Performance

While the sled has no performance metrics (it either works or doesn’t) we are looking at the performance of a drive, Samsung 970 512GB, with the removable sled versus another fixed PCIe M.2 card we had on hand.

VDBench Workload Analysis

When it comes to benchmarking storage devices, application testing is best, and synthetic testing comes in second place. While not a perfect representation of actual workloads, synthetic tests do help to baseline storage devices with a repeatability factor that makes it easy to do apples-to-apples comparison between competing solutions. These workloads offer a range of different testing profiles ranging from “four corners” tests, common database transfer size tests, to trace captures from different VDI environments.

All of these tests leverage the common vdBench workload generator, with a scripting engine to automate and capture results over a large compute testing cluster. This allows us to repeat the same workloads across a wide range of storage devices, including flash arrays and individual storage devices. Our testing process for these benchmarks fills the entire drive surface with data, then partitions a drive section equal to 5% of the drive capacity to simulate how the drive might respond to application workloads. This is different than full entropy tests which use 100% of the drive and take them into a steady state. As a result, these figures will reflect higher-sustained write speeds.

Profiles:

  • 4K Random Read: 100% Read, 128 threads, 0-120% iorate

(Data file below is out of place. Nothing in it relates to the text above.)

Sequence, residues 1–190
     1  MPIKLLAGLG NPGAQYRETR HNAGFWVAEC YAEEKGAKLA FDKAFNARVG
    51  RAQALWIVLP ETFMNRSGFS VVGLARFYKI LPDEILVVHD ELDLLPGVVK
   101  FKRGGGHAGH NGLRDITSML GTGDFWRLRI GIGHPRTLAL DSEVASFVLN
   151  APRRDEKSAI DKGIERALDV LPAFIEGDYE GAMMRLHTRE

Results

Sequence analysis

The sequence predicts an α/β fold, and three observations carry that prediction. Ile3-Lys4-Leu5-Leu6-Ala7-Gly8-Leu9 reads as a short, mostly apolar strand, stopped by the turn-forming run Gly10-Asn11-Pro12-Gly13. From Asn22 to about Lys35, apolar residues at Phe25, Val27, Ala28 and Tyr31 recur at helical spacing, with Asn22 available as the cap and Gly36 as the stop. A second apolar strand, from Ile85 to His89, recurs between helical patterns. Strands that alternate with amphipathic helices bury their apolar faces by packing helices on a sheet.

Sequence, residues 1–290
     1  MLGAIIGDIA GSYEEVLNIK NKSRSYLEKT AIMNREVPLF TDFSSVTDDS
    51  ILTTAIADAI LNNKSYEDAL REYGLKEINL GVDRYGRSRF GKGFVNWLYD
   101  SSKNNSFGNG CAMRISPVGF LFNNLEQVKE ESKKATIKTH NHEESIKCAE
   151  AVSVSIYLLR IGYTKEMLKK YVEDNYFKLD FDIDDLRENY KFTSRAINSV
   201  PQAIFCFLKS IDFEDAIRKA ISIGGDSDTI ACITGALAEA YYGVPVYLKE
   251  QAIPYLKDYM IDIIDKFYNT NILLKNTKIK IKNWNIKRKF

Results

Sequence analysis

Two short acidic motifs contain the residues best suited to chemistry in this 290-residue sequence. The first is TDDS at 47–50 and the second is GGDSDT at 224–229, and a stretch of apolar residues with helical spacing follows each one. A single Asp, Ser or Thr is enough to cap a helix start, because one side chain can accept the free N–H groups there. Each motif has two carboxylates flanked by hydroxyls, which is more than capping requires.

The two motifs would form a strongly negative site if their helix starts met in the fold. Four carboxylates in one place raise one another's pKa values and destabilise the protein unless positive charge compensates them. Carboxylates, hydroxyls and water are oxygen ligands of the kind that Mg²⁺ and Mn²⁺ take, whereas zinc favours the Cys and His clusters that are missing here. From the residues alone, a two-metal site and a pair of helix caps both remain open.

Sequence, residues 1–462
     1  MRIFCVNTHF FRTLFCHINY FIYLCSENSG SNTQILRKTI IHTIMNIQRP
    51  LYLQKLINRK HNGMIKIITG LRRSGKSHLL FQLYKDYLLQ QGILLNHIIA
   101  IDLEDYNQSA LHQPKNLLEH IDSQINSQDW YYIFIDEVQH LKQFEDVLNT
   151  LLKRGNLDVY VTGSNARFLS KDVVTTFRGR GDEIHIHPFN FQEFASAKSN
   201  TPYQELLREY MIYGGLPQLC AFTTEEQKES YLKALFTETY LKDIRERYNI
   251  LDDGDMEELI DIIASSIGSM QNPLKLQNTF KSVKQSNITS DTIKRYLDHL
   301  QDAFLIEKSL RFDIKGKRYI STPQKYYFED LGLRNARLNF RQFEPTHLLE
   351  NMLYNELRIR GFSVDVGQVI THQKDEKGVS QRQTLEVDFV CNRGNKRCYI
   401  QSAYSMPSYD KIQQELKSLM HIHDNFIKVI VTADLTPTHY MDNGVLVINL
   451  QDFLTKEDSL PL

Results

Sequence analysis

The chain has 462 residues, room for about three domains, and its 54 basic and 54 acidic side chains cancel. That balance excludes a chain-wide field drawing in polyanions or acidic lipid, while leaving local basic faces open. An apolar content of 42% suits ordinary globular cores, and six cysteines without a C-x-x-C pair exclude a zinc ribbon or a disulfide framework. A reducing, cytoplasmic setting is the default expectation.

• 4K Random Write: 100% Write, 64 threads, 0-120% iorate
  • 64K Sequential Read: 100% Read, 16 threads, 0-120% iorate
  • 64K Sequential Write: 100% Write, 8 threads, 0-120% iorate

With 4K random read both the MB840M2P-B and other card were nearly the same with a peak of 376,048 IOPS with the Icy Dock and 375,810 IOPS with the other both having a latency of 339µs.

4K random write again showed neck and neck with the Icy Dock hitting 329,616 IOPS and the other hitting 330,899 IOPS both with a latency of 383µs.

Switching over to sequential work, we see our first real difference with the Icy Dock peaking at 34,306 IOPS or 2.13GBs read at 466µs and the fixed card hitting a bit better with 34,118 IOPS or 2.16GB/s at 461µs in our 64K read. Still negligible in the grand scheme of performance.

Finally, our 64K write gave us peaks of about 24,800 IOPS or 1.5GB/s at 400µs for latency before dropping off more for the Icy Dock. The fixed card saw a peak of 26,029 IOPS or 1.53GB/s at a latency of 600µs before dropping off some.

Conclusion

The Icy Dock ToughArmor MB840M2P-B is a combination of PCIe edge card and SSD sled that gives users the ability to remove M.2 drives without opening the case. The sled is highly compatible working with multiple M.2 form factors and pretty much any system with PCIe slots. The sled is also well constructed to help protect the drive in case of a drop, electromagnetic interference, and it dissipates heat easily.

For performance, we were looking more to see if the sled takes away performance more than anything. And it doesn’t really appear to do that. Highlights include 376K IOPS in 4K read, 330K IOPS in 4K write, 2.13GB/s in 64K read, and 1.5GB/s in 64K write. While there is a slight drop in performance, some of it comes from variability between testing, where further back to back tests may show closer grouping.

The Icy Dock ToughArmor MB840M2P-B is a nifty little sled giving users a way to quickly and easily remove an M.2 SSD, without sacrificing performance. While not for everyone, those with a use case that can benefit will be quite happy to add this card to their system.

Icy Dock ToughArmor MB840M2P-B on Amazon